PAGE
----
STILL A BURNING ISSUE A demonstration against the goverment’s turf-cutting regulations took place at the official opening of Ballycroy National Park by Green Party Minister John Gormley back in April 2010.
FORMER Minister Michael Ring has welcomed the agreement on turf cutting which will allow those with turbury rights to cut, burn, share and sell turf.
The new regulations on turf cutting, which were agreed by the Government parties, will allow people to sell turf or to gift it to others. However, turf sales cannot be advertised and it cannot be sold in retail settings.
There had been fears in rural Ireland that the Solid Fuel Regulations – which aim to bring an end to the sale of smoky coal – were to be extended to turf.
Mayo TD Michael Ring welcomed the revised regulations, saying that the Government had found a reasonable solution on the issue of turf.
“I am pleased that the revised regulations will protect traditional turf-cutting practices and allow those who have traditionally cut, shared and sold turf to continue to do so. This is so important to many communities in Mayo.
“I do recognise the effect of poor air quality on people’s health and wellbeing, and I welcome the role these regulations will play in helping to improve air quality and public health.
“However, we must make sure we are not stopping customs that date back centuries, when people do not have other alternatives,” he said.
The revised regulations allow those with turbary rights and all ‘customary rights’ to cut, burn, share and sell turf, as long as it is not sold in a retail setting, public place, through media or online.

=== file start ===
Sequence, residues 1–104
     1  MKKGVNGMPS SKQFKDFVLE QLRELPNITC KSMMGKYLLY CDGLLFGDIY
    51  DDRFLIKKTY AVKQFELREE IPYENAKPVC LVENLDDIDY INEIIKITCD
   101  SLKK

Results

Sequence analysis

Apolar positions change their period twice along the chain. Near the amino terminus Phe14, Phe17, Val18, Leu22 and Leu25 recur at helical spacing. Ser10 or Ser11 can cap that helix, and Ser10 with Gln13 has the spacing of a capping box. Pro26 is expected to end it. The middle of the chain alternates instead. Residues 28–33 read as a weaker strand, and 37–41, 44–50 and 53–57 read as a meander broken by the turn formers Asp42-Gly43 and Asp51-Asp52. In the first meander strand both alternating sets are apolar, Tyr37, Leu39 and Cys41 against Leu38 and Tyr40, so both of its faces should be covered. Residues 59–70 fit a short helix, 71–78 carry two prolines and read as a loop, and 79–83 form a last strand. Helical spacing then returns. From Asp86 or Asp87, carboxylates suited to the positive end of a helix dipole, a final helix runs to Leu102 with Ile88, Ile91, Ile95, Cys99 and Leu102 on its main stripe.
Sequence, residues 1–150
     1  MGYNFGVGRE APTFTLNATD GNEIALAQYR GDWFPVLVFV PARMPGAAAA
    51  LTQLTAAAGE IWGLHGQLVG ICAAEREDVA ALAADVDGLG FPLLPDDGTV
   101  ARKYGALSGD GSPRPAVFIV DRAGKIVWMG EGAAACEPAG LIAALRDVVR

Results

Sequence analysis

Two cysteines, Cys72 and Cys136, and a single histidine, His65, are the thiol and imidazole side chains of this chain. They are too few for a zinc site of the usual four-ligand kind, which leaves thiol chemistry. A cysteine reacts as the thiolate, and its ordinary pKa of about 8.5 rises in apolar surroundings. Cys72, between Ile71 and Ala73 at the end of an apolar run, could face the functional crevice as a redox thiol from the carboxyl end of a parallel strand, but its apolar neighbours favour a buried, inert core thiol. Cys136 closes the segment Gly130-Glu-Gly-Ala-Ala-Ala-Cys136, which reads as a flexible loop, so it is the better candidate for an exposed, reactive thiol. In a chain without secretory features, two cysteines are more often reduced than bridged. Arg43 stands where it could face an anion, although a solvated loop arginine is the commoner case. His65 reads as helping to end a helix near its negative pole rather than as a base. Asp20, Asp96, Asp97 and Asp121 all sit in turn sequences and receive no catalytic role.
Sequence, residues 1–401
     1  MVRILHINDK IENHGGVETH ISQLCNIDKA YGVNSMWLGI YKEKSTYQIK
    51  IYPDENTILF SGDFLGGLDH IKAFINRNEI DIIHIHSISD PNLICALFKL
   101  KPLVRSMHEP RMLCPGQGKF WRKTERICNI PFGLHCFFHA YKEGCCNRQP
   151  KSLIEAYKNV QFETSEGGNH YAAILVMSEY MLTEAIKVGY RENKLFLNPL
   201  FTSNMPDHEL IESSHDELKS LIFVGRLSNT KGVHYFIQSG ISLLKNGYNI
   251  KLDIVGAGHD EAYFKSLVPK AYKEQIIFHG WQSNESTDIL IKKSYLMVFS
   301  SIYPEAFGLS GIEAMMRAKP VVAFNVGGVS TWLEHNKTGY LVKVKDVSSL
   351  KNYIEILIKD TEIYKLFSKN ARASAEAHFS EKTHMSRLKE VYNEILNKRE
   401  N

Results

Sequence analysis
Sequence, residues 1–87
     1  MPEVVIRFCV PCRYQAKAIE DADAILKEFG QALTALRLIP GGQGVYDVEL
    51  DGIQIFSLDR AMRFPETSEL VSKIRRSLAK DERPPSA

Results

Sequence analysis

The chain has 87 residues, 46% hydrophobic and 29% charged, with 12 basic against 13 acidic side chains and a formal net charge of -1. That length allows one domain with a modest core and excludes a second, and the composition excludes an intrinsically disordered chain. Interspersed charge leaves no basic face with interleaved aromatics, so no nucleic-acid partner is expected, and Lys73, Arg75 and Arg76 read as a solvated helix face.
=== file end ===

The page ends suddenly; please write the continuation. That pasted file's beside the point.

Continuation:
“There is no ban on burning turf by anyone in the country,” Deputy Ring reiterated. “The previously mooted restriction on use only in towns or villages of population of 500 has also been removed.
“I’m glad we could come to this agreement with our Government partners. We’re confident this solution will protect and extend the current smoky coal ban, while allowing for traditional practices to continue.”
Gerry Loftus, the leader of the Rural Ireland Organisation also gave a cautious welcome to the new regulations, saying he believes pressure from ‘grassroots Ireland’ paid off. He also voiced his concern as to how the regulations will be policed, however.
“It’s quite possible people wanting to cut turf may be asked to produce the folio number identifying ownership of the plot of bog, but how this will play out is unclear at this time,” he said.
Mr Loftus added the people of Ireland are being kept in the dark on the future of Ireland’s peatlands, saying he believes this will be the ‘next big battle’.
“A new EU regulation regarding the protection of Ireland bogs will possibly be introduced in 2024/2025. We must get included in the wording recognition of turbary rights and our farming activity. The challenge here is, how do we farm these peatlands, exercise our right to cut turf, while at the same time protect peat soils in a way accepted by the EU?
“Ireland has agreed to the protection of our peat soils in the peatland strategy, in the Climate Plan for the country. Ireland has also agreed that as a condition of payment in the up and coming CAP, peatlands must be appropriately protected. This will demand huge changes on how we farm our hills and all peat soils,” he said.